Strange Beasts of China, Yan Ge (Tilted Axis 978-1911284444, £9.99, 220pp, tp) November 2020. (Melville House 978-1-612-19909-2, $25.99, 240pp, hc) August 2021.
As an author, Yan Ge’s remarkable career began when, as a teenager, she won a national short-story contest in China. She was quickly picked up by a publisher and released her first collection at the age of 17. By the time Yan Ge moved with her husband to Ireland in 2015, she had published thirteen books, including six novels, and had received multiple prizes, including one of China’s most prestigious literary awards, the Mao Dun, for Best Young Writer. Strange Beasts of China is Yan Ge’s second novel to be translated (by Jeremy Tiang) into English. (Unlike last month, I won’t grumble about how it took seventeen years for a writer, lauded and praised in her country, to find an English publisher). It’s one of Yan Ge’s earlier works, initially released monthly as a serial in 2005 by China’s Youth Literature magazine. As such, Strange Beasts of China has a mosaic quality, with each of the book’s nine chapters structured around one of the titular beasts that inhabit the fictionalized Chinese city of Yong’an.
Our tour guide through this modern-day bestiary is an unnamed novelist who studied to be a zoologist until she abruptly left university to become a writer. The novelist begins every chapter by condensing what’s known about each beast. She informs us that sorrowful beasts have a beautiful smile that they never display because “if they do, they can’t stop, not until they die;” that joyous beasts “love breakfast cereal and plain water, and dislike greasy, strong-tasting foods;” and that thousand league beasts, extinct for a long time, “could see a thousand leagues away, as well as a thousand years in the future.” The larger narrative involves the novelist’s investigation into each creature, a good chunk of which takes place in the Dolphin Bar, where she drinks a prodigious amount of alcohol and questions the city’s resident “busybody,” Charley. Her inquiry also sees the novelist butt heads with her old professor, who seems to know more than he’s letting on, and his assistant, who has this Cheshire Cat tendency of popping into the story when he’s required. As the novelist digs deeper, chronicling the government’s disturbing attitude toward its strange beasts, she uncovers a secret about her parents that has a bearing on her own identity, but also the residents of Yong’an.
In describing each beast, the novelist repeatedly points out that, aside from the odd distinguishing mark – a fin next to the right ear, a bone-spur on the ankle – they can pass as human. As the novelist’s mother puts it, “you can’t be sure that beasts aren’t people, or that people aren’t just another type of beast.” This observation is borne out repeatedly as, more than once, our protagonist is shocked to discover that someone close to her is, in fact, a beast. But it’s the mother’s insight that people might be another type of beast that proves to be the novel’s prevailing theme. Over the course of nine chapters, Yan Ge depicts humanity at its most beastly, whether it’s the Government deciding to wipe out all the sacrificial beasts to stop teenagers from mimicking their suicidal tendencies, or merchants fashioning the sought-after flesh of flourishing beasts into grossly expensive furniture, or the manufacture of a whole new species of beasts to educate children only to destroy the creature once it no longer serves a purpose. It’s a biting, savage portrayal of exploitation and discrimination that feels all too timely.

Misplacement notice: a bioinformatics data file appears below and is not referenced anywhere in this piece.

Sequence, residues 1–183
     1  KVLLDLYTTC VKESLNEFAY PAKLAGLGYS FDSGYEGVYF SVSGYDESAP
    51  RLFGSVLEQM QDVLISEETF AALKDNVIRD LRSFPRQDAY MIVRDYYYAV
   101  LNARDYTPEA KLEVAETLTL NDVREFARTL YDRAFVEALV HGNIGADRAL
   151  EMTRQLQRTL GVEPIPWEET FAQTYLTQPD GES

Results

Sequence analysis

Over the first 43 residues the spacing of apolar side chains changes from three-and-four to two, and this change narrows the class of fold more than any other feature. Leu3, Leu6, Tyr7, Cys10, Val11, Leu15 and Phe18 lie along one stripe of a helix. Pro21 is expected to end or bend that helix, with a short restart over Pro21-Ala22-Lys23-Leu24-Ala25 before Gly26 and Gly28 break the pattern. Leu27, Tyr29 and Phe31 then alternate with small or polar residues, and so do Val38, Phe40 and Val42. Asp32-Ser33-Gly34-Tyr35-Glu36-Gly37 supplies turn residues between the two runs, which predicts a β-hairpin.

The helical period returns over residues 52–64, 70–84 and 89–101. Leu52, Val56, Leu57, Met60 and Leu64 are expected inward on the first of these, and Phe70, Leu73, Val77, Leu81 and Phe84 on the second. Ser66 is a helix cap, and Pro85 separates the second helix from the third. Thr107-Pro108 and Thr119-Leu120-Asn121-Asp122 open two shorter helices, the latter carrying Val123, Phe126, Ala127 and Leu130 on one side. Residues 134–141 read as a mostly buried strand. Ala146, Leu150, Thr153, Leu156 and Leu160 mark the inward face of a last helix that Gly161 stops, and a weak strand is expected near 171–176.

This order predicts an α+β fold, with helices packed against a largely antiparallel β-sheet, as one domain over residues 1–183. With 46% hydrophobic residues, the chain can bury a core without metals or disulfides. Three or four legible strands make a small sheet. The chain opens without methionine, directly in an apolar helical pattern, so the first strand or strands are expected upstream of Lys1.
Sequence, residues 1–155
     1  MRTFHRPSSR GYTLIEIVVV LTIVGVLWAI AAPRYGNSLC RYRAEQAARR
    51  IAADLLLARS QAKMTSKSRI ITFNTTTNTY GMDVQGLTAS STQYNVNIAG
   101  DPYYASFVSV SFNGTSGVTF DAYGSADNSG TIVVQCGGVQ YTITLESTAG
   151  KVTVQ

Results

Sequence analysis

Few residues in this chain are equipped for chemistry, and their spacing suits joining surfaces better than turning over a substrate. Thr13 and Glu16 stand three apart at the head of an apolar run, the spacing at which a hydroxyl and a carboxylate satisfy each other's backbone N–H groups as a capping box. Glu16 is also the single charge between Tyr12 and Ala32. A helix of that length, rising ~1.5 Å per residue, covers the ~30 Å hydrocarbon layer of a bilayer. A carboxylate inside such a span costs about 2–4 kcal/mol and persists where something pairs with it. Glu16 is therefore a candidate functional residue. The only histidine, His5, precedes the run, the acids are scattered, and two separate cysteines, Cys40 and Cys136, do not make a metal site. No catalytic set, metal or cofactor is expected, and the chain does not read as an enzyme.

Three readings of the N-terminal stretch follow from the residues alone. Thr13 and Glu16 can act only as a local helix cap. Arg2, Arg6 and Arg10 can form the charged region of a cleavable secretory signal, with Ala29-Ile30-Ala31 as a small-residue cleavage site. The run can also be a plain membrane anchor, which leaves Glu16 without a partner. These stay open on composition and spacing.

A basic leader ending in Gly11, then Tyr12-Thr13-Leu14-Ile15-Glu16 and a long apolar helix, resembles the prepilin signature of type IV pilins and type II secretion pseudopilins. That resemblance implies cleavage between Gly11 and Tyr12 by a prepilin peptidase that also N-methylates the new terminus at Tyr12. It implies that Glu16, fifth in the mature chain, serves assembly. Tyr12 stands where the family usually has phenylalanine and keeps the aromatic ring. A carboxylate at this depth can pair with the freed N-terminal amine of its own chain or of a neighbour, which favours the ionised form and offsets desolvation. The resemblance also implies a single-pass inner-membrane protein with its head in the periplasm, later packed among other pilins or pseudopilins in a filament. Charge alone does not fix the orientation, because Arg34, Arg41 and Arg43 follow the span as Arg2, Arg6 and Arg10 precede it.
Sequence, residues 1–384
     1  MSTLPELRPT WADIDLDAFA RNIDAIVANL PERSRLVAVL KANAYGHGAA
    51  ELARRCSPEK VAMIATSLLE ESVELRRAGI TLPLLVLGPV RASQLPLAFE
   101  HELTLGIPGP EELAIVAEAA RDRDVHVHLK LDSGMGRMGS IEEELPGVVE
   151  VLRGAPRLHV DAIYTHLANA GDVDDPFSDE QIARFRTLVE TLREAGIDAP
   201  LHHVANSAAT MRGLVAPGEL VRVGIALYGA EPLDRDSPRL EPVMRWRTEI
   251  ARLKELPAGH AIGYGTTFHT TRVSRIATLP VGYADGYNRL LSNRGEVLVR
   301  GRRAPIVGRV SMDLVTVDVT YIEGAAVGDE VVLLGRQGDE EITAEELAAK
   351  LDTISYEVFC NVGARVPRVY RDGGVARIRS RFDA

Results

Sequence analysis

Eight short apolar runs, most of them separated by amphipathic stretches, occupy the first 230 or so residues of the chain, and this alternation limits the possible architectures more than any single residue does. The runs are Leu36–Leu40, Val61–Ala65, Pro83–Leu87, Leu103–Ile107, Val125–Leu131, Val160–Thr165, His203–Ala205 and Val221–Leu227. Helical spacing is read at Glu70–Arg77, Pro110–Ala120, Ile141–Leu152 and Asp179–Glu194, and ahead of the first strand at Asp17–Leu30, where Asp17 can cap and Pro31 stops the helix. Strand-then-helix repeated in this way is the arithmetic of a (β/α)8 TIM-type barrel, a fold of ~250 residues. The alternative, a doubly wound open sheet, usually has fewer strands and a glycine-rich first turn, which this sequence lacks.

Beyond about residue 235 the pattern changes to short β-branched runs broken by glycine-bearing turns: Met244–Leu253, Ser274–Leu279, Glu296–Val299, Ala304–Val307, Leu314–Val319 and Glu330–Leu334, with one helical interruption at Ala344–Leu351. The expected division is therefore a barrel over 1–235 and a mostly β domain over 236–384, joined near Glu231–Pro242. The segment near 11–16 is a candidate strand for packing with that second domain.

The novel’s environmental ethos is also very much of the now, with numerous, vivid descriptions of urban decay competing with the natural world. As an example, there’s a wistful moment where the novelist sees a bird rise into the air with…
an elongated body and exquisite movements, feathers as pale and radiant as a phoenix, all the colours of the world, soaring over Yong’an Forest, letting out a piercing cry, unbearably sad, circling the city once, then disappearing into the clouds.
As much I enjoyed the Strange Beasts of China, it does have a couple of quirks that are likely an artefact of serialisation. For one, there’s a phenomenal amount of vomiting. This isn’t entirely surprising given how much our protagonist drinks, but she loses her lunch so often that it does, at least for me, undermine some of the more dramatic set-pieces. Read month to month, these frequent episodes of vomiting could well have gone unnoticed, but when read as a novel, they do stand out. The plot also grows increasingly convoluted as the narrator digs deeper into her own identity with a succession of reveals in the final chapters that felt rushed and left me a little confused. Without access to the original monthly instalments, I can’t say how many of these plot beats were added when the serial was novelised, but the fact that Yan Ge updated Strange Beasts of China twice since its publication suggests she also recognised several rough edges that needed to be ironed out. These minor issues aside, Strange Beasts of China is a wildly imaginative and socially conscious novel that’s well worth your time.
This review and more like it in the August 2021 issue of Locus.
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